Problem: To assess symptoms attributed to the environment from an interdisciplinary perspective and to evaluate the plausibility of the participants' individual theory of a causal relationship between exposure and health impairment.
Method: We assessed the medical, psychiatric and environmental background in every participant in an environmental medicine project and discussed the explanatory value of our findings for each reported symptom.
Results: Every second participant had at least one symptom that could be plausibly explained by simultaneously occurring medical, psychological or environmental findings. In 40% of the participants the research team rated the association between an environmental exposure and the health complaints to be 'plausible'. Psychiatric disorders were frequent, but did not exclude environmentally caused symptoms.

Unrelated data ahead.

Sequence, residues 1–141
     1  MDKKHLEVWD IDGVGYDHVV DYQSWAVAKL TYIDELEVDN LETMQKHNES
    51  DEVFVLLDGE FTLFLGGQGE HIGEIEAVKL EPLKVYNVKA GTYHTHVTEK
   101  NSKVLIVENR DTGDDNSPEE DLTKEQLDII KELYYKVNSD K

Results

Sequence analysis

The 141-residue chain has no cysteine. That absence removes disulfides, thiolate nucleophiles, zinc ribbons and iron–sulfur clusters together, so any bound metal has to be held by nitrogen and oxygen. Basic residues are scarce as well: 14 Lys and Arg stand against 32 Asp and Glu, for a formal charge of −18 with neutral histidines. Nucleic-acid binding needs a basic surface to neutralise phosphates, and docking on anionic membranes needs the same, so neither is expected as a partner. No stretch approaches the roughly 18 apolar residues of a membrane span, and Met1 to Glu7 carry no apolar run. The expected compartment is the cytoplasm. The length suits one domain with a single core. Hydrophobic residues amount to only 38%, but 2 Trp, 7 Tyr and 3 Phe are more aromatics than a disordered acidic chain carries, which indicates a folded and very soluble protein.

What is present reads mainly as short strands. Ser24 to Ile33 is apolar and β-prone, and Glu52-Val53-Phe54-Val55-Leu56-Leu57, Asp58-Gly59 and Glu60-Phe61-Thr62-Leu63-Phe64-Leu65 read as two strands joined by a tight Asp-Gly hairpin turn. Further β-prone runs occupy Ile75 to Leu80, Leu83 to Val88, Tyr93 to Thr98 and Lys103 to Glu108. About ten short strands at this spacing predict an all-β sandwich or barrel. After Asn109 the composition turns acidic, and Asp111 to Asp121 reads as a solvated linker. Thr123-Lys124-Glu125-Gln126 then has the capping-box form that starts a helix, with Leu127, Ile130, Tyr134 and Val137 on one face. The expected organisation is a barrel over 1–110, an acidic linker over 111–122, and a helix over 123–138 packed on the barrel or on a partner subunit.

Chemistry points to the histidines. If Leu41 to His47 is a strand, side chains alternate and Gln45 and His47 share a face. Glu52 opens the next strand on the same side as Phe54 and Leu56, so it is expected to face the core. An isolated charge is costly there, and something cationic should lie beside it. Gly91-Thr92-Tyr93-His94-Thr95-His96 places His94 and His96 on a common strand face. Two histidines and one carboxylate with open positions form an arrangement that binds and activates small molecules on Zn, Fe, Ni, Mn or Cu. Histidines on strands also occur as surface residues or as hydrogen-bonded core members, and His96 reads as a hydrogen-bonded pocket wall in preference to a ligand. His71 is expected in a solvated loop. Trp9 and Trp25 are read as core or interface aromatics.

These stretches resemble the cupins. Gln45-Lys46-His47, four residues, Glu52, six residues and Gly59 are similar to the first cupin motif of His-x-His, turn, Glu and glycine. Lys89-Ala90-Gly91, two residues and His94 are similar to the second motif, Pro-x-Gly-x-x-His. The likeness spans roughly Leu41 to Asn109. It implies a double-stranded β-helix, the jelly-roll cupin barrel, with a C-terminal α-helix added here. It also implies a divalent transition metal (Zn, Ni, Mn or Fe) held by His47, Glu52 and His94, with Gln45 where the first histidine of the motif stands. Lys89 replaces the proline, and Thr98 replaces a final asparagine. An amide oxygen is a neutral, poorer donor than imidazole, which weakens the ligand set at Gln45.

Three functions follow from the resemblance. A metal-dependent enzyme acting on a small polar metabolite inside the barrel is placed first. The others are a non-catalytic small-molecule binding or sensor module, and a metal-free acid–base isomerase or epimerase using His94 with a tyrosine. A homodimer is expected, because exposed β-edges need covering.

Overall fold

Conclusion: Only an interdisciplinary structure including medical, psychiatric and environmental expertise is likely to adequately diagnose and advise persons with environmentally related symptoms.